Tuesday, May 8, 2012

Adepticon II: Swag Bag, Privateer Press, and Wreck Age

When I wasn't trying new games, I was busy getting free stuff, buying things, taking seminars, and talking to people about Wreck Age. Somehow I missed the part about registering for Adepticon gets you a swag bag, which gets you free things. My swag bag had a Hordes Warpack, several bits samples (Battleroad being significantly more useful than Spikey Bits's Black Reach Orc), a Mantic space Orc, several resin bases, the Adepticon mini and poker chip, Gale Force 9 Mysterious Woods markers, a Malifaux rulebook, a Secret Weapon wash (concrete), a Badger paint sample (I'm assuming it's for airbrushing), a Wreck Age miniature that I sent to the guy who bought my Necron army so it's not in the picture, and a Blue Table painting measuring tool that I have already lost. There were also some papers advertising things. If there was anything else in the swag bag I have lost that too.

Privateer Press had a beautiful diorama of Trollbloods fighting Kador. It was behind glass so it was very difficult to take a clear picture with my phone. There were also display cases with the new models that are coming out. I manged to take a lot of blurry photos. 


Wreck Age was the reason I was at Adepticon to begin with, and we had a pretty great demo board. As far as game play goes, Wreck Age is a skirmish game that is deceptively fast paced. I played a few games and wasn't a big fan of the system, but the more I played it, the more fun I had. My initial concern was that the game operates on a you go, I go system; but only one action (either moving OR shooting, not both) can be performed. There are exceptions to this rule, and some models get more actions than other models, but enough of the models are only performing one action per turn so I was hesitant to embrace it. From what I've played, this allows you to react to the other player, similar to Infinity but not nearly as intricate, so that you don't get steam rolled in one turn. Movement is also based on 1d6 + movement score so it keeps things interesting.

You move then I move

The game's mechanics are based on a d6 system where 4 is the base target and everything else is modified off of that. Multiple dice are rolled, but for most instances, other than hits, only one success is needed. Fairly simple and easy to learn.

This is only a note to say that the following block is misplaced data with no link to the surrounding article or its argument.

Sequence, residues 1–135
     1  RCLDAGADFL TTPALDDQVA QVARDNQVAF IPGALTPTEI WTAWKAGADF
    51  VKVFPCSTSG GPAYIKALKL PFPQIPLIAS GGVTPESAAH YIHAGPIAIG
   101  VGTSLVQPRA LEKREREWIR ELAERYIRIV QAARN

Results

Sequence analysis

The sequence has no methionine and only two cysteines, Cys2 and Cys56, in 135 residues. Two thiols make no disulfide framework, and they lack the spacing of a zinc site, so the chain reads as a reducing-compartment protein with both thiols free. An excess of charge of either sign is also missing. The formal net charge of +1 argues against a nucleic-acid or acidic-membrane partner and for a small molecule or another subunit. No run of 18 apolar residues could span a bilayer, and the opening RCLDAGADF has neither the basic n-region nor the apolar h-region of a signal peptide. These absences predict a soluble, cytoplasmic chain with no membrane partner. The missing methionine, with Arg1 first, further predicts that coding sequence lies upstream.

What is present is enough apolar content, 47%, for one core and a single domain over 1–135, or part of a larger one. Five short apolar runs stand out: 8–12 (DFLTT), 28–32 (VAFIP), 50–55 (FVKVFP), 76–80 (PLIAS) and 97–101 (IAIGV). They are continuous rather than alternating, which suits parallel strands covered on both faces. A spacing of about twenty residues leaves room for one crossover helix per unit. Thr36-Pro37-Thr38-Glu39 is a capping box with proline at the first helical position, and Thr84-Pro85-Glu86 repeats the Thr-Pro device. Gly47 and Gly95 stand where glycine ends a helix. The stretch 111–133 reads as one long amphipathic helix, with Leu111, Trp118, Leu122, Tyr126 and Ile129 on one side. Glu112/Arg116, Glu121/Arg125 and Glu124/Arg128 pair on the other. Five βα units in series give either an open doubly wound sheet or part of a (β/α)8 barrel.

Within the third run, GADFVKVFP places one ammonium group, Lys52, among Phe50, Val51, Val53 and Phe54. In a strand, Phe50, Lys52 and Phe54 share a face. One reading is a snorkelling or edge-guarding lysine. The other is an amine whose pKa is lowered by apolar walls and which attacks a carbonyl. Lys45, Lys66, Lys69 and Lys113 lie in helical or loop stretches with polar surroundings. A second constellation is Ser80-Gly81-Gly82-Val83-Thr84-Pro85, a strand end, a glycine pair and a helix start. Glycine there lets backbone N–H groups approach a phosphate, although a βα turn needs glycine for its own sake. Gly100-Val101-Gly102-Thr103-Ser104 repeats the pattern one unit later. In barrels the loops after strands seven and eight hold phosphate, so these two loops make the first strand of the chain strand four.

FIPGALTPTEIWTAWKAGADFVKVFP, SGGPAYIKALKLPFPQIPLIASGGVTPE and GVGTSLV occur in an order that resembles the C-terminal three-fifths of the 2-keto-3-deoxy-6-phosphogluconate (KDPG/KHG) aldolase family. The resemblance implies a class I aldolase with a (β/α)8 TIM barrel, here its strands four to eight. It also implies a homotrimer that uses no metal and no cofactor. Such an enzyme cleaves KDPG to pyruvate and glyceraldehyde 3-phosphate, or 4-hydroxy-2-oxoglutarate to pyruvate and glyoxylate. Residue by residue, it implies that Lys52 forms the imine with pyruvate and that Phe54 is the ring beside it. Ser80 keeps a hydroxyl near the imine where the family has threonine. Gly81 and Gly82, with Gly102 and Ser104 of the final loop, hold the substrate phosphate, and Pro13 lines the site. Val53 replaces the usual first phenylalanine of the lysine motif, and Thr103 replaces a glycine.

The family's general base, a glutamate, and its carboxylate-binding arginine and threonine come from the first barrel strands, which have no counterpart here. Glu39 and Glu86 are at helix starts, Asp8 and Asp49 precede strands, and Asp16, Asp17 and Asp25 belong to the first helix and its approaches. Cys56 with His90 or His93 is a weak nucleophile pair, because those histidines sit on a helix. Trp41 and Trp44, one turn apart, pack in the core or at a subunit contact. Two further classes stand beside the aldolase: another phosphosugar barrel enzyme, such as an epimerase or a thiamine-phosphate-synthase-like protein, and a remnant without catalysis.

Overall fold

Wreck Age as a system is meant to be played in the form of linked scenarios to create a narrative. The outcome of each scenario would improve your community, and your community would improve your units. The focus isn't on the units as much as it is on the community, as you'd choose different community members to fill your roster for different mission types, and death can be quick.

Good thing for you fighting isn't the only thing Wreck Age is all about. Different scenarios could involve skirmishes, trading, exploration, stealth, and role playing. There's a rpg inside the Wreck Age rulebook that's interchangeable with the miniatures game, with a bit more content on character development. 

The scenario we ran as a demo involved a Drifter vanguard trying to blow up a fence so that more Drifters would be able to come in and steal grain in the next scenario. The Drifters used exploding pack boars to do this, and the model is great. Actually all of the models are great, one of the Rackham sculptors did most of our stuff (I think?). Wreck Age's Miniatures

The board while setting up

I ran this scenario about 15 times before a boy from Scotland broke our scenario, knowing that he couldn't hit my sniper with a shotgun, but shooting anyways so the sniper would be forced to take a nerves check. Out of the 70+ adult wargamers that demoed this, he was the only one to think of that. He's going to be great at tournaments.

I was able to take a freehand painting class, a class on weathering powders which was great, a paint theory class, and an airbrushing figures class. They were worth the $15 a class, freehand didn't really do much for me, but it's hard to teach someone how to not shake and make a mess out of things.

So that's Adepticon, it was fun. If you're one of the first thousand to register, the swag bag's contents alone make the registration fee worth it. There was also some cheap vendors, I bought a lot of metal Wood Elf stuff for $2/model, found some old Mordheim stuff (I'm looking at you dwarf treasure hunter), and I was able to pick up Forgeworld's Gamesday Arbites model. I was tempted to pick up the Skin Wolf model but I have no idea what it's supposed to be used for.